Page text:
Exposure to atomic bomb radiation associated with nervous system tumors

October 15, 2002

A study of the effects of radiation exposure among Japanese atomic bomb survivors has found that exposure to even moderate doses of radiation is associated with an increased incidence of nervous system tumors. The finding appears in the October 16 issue of the Journal of the National Cancer Institute.

What causes brain and nervous system tumors is not entirely clear. Some epidemiologic studies have suggested that an increased risk of certain nervous system tumors is associated with high-dose radiation treatment, especially among patients who received treatment as children. Other studies have suggested that atomic bomb radiation exposure is associated with an increased risk of certain nervous system tumors.

To measure the impact of radiation exposure on the incidence of nervous system tumors, Dale L. Preston, Ph.D., of the Radiation Effects Research Foundation in Hiroshima, Japan, and his colleagues used information from tumor registries, medical records, and death certificates to identify benign and malignant tumors of the primary nervous system and pituitary gland that were diagnosed between 1958 and 1995 in 80,160 Japanese atomic bomb survivors. Study pathologists reviewed the records to confirm the diagnoses.

The authors found that radiation exposure was associated with an increased risk of all nervous system tumors combined. This risk was particularly high for schwannomas, a benign tumor of the nervous system. Further analysis revealed that men had a higher risk of nervous system tumors than women, and people exposed to radiation as children had a higher risk than those exposed as adults.

Although additional follow-up is needed, the authors say their findings "demonstrate that radiation exposure can increase the risk of nervous system tumors and suggest that these increased risks persist throughout lifetime, regardless of the age at exposure."
-end-
Contact: Dale Preston, Radiation Effects Research Foundation, 81-82-261-7219 (8 p.m. to 4 a.m. EDT), 81-82-242-6041 (6 a.m. to 11 a.m. EDT), preston@rerf.or.jp

Preston D, Ron E, Yonehara S, Kobuke T, Fujii H, Kishikawa M, et al. Tumors of the nervous system and pituitary gland associated with atomic bomb radiation exposure. J Natl Cancer Inst 2002;94:1555-63.

Note: The Journal of the National Cancer Institute is published by Oxford University Press and is not affiliated with the National Cancer Institute. Attribution to the Journal of the National Cancer Institute is requested in all news coverage.

Journal of the National Cancer Institute

Related Nervous System Articles from Brightsurf:

Chikungunya may affect central nervous system as well as joints and lungs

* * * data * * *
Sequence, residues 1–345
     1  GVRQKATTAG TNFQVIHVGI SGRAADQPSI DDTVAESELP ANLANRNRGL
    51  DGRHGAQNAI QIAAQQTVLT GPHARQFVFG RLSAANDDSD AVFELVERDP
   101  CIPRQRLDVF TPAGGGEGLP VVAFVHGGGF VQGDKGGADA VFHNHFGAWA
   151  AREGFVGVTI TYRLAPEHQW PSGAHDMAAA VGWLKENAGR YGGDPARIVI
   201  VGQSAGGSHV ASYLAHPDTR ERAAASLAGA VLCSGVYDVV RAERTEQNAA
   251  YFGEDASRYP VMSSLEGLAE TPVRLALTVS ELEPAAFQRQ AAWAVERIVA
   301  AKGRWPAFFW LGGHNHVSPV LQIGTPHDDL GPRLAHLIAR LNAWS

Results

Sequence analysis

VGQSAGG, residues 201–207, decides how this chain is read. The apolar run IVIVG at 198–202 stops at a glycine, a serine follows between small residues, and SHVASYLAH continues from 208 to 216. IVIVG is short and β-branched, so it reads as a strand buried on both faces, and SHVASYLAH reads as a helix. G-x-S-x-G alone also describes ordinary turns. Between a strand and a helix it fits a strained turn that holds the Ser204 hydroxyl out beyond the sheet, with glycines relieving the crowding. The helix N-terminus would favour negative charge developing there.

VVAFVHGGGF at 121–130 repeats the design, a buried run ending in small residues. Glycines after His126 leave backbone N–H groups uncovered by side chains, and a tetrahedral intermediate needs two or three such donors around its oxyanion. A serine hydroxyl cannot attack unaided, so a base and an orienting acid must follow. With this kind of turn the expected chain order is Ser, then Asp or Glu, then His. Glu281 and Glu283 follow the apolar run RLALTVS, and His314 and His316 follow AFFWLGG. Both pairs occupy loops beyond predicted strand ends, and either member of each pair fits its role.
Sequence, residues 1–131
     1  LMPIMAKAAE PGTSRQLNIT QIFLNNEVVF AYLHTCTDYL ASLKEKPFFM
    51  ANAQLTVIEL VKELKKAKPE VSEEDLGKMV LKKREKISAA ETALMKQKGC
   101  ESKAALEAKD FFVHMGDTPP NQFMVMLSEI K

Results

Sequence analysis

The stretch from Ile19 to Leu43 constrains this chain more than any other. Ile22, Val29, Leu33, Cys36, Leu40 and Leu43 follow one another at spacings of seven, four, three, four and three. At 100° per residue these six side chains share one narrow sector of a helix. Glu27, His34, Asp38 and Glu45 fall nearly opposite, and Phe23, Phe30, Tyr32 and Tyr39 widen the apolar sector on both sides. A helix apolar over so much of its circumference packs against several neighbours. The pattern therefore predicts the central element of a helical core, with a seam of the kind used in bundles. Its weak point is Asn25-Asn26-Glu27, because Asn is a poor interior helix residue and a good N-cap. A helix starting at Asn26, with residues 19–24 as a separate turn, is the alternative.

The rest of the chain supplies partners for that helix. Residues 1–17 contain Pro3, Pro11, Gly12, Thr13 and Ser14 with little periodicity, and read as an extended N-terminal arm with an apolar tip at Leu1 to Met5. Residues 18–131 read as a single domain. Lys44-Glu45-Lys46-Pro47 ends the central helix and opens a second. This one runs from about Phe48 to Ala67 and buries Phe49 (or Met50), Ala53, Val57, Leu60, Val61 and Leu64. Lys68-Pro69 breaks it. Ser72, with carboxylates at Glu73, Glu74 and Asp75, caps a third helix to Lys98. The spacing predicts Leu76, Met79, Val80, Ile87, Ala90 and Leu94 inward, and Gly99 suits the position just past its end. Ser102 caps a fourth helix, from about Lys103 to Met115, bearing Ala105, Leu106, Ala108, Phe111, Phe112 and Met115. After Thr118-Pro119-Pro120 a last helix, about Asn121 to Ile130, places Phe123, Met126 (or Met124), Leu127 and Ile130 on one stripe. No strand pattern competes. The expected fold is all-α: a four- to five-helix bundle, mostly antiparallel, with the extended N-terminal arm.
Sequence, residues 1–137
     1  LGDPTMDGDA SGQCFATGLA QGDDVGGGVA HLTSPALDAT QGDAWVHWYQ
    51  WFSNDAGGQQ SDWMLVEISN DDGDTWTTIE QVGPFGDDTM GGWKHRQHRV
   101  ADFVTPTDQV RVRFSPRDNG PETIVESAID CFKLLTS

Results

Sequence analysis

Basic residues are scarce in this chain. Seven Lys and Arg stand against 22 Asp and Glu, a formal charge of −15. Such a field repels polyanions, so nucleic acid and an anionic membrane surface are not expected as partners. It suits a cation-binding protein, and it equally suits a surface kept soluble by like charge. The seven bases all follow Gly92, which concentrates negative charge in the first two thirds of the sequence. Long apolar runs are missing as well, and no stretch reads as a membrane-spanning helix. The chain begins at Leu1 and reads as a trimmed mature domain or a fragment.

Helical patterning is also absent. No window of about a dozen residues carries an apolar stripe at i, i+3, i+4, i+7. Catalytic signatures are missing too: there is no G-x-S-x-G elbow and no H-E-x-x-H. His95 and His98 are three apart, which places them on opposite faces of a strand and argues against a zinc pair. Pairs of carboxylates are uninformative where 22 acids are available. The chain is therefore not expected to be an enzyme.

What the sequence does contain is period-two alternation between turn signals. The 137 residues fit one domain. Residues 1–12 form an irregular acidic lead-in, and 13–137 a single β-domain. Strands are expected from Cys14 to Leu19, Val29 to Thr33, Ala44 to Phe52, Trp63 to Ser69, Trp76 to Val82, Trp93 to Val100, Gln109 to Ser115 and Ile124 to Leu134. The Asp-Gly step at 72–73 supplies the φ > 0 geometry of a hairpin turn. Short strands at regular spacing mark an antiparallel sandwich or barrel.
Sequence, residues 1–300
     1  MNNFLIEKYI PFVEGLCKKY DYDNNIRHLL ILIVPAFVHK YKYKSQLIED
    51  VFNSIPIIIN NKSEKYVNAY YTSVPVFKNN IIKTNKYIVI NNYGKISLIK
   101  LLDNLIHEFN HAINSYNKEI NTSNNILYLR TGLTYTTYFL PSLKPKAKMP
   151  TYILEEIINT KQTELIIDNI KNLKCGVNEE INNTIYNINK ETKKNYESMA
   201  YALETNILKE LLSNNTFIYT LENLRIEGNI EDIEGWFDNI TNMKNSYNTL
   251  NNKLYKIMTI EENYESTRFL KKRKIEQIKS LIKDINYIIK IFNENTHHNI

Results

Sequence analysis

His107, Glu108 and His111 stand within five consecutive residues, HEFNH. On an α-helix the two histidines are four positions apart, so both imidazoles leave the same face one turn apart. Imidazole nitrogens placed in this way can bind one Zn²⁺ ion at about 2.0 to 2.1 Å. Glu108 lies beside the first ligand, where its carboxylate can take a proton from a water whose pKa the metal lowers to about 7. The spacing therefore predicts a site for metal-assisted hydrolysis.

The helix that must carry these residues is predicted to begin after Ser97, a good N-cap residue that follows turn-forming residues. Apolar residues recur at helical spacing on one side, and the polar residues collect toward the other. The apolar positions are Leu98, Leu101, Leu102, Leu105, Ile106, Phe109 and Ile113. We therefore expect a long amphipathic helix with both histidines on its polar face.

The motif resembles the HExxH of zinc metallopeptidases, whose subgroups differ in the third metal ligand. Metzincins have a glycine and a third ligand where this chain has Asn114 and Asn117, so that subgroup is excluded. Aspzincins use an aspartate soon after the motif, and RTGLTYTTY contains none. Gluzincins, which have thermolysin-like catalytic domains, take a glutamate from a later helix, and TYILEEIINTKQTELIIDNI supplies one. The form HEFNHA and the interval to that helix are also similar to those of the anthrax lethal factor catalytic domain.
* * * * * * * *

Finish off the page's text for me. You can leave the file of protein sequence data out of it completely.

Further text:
Investigation conducted by international group of researchers showed that chikungunya virus can cause neurological infections.

Glial cells play an active role in the nervous system
Researchers at M√ľnster University, Germany, have discovered that glial cells - one of the main components of the brain -not only control the speed of nerve conduction, but also influence the precision of signal transduction in the brain.

Protein produced by the nervous system may help treatments for inflammatory diseases
A Rutgers-led team discover a protein produced by nervous system may be key to treating inflammatory diseases like asthma, allergies, chronic fibrosis and chronic obstructive pulmonary disease (COPD)

COVID-19 may attack patients' central nervous system
''There may be more central nervous system penetration of the virus than we think based on the prevalence of olfaction-associated depressed mood and anxiety and this really opens up doors for future investigations to look at how the virus may interact with the central nervous system,'' explains Ahmad Sedaghat, MD, PhD.

Lifting weights makes your nervous system stronger, too
Gym-goers may get frustrated when they don't see results from weightlifting right away, but their efforts are not in vain: the first few weeks of training strengthen the nervous system, not muscles.

COVID-19 threatens the entire nervous system
A new review of neurological symptoms of COVID-19 patients in current scientific literature reveals the disease poses a global threat to the entire nervous system.

Fewer scars in the central nervous system
Researchers have discovered the influence of the coagulation factor fibrinogen on the damaged brain.

Polymerized estrogen shown to protect nervous system cells
In research published today in Nature Communications, an interdisciplinary team from Rensselaer Polytechnic Institute demonstrated how estrogen -- a natural hormone produced in the body -- can be polymerized into a slow-releasing biomaterial and applied to nervous system cells to protect those cells and even promote regeneration.

Discovery concerning the nervous system overturns a previous theory
It appears that when our nervous system is developing, only the most viable neurons survive, while immature neurons are weeded out and die.

Autonomic nervous system appears to function well regardless of mode of childbirth
'In a low-risk group of babies born full-term, the autonomic nervous system and cortical systems appear to function well regardless of whether infants were exposed to labor prior to birth,' says Sarah B.

Read More: Nervous System News and Nervous System Current Events
Brightsurf.com is a participant in the Amazon Services LLC Associates Program, an affiliate advertising program designed to provide a means for sites to earn advertising fees by advertising and linking to Amazon.com.